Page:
The needs and care of dogs change as they grow from puppyhood to adult to old age. But when are they considered old, and what do they need?
A widely accepted idea is that old, or senior, is when 75 percent of the anticipated lifespan has passed. So, if a particular breed’s life expectancy is 12-15 years, a senior is considered 9 – 11 years.
Older dogs often develop many of the same age-related issues seen in older people.
However, senior dogs can live a healthy, comfortable, and enriched life in their twilight years. Here are some suggestions.
• Regular observation
Check eyes and teeth, feel for lumps, bumps, and skin irritations and note any change in food and sleep routines, hearing, or vision loss.
Pay attention to any confusion, irritability, weakness, or difficulty walking or getting up from the floor. Watch for fatigue or rapid breathing with usual
• Regular veterinarian visits
Medical check-ups and care are more important at this age for preventative and maintenance care. The veterinarian can also help manage pain and mental decline if these become a problem. A visit is also an excellent place to discuss quality and end-of-life concerns.
• High-quality nutrition
Seek the veterinarian’s advice, as there’s no actual legal requirement or definition of what constitutes a senior dog food at the retail store. Also, keep an eye on their figure as overweight dogs have a higher incidence of diabetes, heart disease, skin problems, and can aggravate painful joint conditions.
• Proper Dental Hygiene
Dental disease is painful and may make it difficult for senior dogs to eat. The first step is a veterinary exam and professional dental cleaning. Then, schedule regular follow-ups and brush daily at home or offer dental treats, dental diets, or dental toys.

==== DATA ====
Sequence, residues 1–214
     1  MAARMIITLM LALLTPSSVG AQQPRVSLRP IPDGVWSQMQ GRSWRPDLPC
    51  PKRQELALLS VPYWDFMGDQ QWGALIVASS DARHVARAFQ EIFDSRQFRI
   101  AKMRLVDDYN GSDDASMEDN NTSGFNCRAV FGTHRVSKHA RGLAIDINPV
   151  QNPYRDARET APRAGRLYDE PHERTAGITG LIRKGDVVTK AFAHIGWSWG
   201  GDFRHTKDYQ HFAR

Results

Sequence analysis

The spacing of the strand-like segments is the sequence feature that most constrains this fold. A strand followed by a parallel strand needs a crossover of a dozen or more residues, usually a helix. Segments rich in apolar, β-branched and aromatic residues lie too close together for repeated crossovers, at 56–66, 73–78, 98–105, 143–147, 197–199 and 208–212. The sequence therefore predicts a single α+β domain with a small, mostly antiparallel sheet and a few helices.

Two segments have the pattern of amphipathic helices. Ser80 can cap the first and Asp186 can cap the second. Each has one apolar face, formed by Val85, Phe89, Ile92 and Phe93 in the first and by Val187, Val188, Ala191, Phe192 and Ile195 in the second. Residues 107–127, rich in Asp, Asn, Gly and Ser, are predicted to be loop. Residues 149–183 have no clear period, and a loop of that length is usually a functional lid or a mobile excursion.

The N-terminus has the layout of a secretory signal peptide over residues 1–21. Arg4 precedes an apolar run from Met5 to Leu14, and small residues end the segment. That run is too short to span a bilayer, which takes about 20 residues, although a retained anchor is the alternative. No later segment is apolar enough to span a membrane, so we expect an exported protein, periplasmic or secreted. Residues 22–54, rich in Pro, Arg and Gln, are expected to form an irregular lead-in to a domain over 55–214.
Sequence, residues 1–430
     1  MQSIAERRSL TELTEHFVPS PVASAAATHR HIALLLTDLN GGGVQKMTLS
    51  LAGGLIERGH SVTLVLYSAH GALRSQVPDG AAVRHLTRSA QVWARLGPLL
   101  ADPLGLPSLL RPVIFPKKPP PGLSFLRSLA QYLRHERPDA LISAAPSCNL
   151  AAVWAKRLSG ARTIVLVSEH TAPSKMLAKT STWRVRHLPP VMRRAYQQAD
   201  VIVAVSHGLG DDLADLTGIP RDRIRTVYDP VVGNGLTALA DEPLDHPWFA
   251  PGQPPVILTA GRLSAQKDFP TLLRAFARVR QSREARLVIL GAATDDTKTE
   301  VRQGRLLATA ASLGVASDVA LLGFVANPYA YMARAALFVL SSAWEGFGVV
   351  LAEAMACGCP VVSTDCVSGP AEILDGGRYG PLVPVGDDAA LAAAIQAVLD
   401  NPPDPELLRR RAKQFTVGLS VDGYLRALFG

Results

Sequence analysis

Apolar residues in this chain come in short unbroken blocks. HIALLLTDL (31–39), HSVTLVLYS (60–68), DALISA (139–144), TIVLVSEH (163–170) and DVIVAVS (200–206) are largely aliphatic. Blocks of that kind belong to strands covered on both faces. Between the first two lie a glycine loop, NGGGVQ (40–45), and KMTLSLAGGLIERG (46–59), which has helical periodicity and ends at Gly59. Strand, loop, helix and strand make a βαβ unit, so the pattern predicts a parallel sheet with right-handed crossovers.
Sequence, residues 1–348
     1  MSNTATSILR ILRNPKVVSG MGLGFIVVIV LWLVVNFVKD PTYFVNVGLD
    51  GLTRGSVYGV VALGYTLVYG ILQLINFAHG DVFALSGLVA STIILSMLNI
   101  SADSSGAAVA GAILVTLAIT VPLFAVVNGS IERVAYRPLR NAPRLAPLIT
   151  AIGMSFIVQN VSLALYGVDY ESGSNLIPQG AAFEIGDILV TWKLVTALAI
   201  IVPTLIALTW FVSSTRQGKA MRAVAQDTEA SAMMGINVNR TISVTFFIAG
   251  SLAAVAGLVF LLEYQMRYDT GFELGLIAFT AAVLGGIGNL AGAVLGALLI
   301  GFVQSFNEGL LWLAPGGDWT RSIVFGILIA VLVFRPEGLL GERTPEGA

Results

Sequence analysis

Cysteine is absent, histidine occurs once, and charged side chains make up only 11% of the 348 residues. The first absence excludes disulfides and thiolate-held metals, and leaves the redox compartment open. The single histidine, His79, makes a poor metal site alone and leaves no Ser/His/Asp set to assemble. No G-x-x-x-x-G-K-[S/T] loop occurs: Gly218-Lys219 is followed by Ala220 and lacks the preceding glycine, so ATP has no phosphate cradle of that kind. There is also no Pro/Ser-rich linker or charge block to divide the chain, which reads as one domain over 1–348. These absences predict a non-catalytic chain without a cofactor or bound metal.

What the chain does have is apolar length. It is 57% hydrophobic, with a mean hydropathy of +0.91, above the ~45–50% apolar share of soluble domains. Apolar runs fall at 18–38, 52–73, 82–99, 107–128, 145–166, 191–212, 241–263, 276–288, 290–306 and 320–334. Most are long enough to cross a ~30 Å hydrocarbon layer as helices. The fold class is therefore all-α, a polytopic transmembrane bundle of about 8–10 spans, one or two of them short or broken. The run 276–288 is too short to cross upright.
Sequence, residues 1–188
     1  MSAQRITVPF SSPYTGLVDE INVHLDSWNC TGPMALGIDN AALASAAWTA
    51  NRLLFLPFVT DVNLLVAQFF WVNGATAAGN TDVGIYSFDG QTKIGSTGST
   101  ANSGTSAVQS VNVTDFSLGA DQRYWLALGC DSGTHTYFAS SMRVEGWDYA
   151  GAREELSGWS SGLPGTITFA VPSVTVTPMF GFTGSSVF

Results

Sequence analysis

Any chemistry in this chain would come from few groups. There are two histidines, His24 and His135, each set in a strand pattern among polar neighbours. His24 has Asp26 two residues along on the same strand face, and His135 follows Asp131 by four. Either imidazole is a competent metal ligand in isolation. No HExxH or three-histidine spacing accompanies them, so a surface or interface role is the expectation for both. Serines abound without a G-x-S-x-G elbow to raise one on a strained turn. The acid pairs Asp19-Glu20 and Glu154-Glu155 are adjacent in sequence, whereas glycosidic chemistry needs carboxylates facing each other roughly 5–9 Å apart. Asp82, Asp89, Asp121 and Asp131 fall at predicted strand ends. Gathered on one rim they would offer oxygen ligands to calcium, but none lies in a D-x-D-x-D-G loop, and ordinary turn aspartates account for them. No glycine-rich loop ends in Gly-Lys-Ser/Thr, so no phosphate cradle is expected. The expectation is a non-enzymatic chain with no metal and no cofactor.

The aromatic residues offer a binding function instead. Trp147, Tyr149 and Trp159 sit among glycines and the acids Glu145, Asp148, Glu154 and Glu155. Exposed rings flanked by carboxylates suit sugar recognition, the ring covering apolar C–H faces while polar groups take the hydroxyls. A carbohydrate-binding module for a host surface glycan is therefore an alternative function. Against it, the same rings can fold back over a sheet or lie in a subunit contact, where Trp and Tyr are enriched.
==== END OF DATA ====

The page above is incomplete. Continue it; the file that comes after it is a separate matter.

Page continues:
Keep up the moderate exercise and walks, games, and play. Set up play dates with other friendly dogs.
• Brain Games
Provide new toys, interactive puzzles, and treat scavenger- hunts around the house. Consider rides in the car and dog-friendly holidays and outings. Let walks be leisurely and free to explore new smells, sights, and sounds.
Brushing up or learning new skills gives them a job and another way to interact with family members and friends. In addition, training improves communication, mental alertness, muscle tone, and confidence.
An orthopedic or a heated dog bed may help senior dogs suffering from arthritis and other joint problems, as will steps or ramps to help them get into cars, up and down stairs, and onto furniture. In addition, carpeting or rugs over hard-surface flooring can help arthritic dogs gain footing and make it easier for them to get around. Finally, night lights may be of help, especially by the food and water bowls.
Senior dogs have a unique blend of charms, and living with them can indeed be a privilege. So, celebrate the golden years!
Ann Coffey, Ms. Fairy Dogmother, is a dog trainer and pet sitter available at 817-668-6229 or visit www.msfairydogmother.net for more information.